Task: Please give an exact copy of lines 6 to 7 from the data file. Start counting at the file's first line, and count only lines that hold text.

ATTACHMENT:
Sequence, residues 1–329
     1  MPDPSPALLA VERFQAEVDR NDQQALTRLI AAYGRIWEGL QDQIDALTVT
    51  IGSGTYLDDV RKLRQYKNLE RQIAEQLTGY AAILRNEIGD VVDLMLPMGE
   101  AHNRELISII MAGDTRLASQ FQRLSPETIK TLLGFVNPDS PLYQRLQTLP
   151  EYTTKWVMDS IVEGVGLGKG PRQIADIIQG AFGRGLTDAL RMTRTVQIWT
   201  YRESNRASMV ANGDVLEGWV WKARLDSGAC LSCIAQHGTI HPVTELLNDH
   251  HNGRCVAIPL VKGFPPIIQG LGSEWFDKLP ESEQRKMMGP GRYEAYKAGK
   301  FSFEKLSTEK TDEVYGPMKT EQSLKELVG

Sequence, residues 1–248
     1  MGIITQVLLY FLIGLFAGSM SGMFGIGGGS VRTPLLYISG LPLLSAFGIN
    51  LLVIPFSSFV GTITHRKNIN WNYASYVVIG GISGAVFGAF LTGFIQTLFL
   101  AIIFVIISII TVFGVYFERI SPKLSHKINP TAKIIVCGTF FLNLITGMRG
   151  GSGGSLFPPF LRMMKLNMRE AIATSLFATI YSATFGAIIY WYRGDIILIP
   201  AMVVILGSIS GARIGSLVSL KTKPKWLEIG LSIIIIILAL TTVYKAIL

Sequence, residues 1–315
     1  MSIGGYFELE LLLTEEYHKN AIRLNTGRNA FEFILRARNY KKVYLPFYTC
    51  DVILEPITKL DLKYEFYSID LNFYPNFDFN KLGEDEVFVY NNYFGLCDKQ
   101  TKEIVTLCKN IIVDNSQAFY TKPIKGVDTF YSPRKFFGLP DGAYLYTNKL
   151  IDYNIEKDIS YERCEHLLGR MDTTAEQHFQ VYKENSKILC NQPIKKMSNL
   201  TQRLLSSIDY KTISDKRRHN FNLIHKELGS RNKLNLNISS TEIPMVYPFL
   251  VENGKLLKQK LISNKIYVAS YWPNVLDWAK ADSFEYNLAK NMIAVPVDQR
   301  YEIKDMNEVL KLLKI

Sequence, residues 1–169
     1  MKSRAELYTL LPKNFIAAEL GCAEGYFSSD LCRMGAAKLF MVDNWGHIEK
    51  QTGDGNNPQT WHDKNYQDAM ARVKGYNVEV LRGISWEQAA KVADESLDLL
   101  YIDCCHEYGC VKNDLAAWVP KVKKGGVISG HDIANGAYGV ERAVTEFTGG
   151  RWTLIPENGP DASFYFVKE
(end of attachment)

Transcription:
   201  YRESNRASMV ANGDVLEGWV WKARLDSGAC LSCIAQHGTI HPVTELLNDH
   251  HNGRCVAIPL VKGFPPIIQG LGSEWFDKLP ESEQRKMMGP GRYEAYKAGK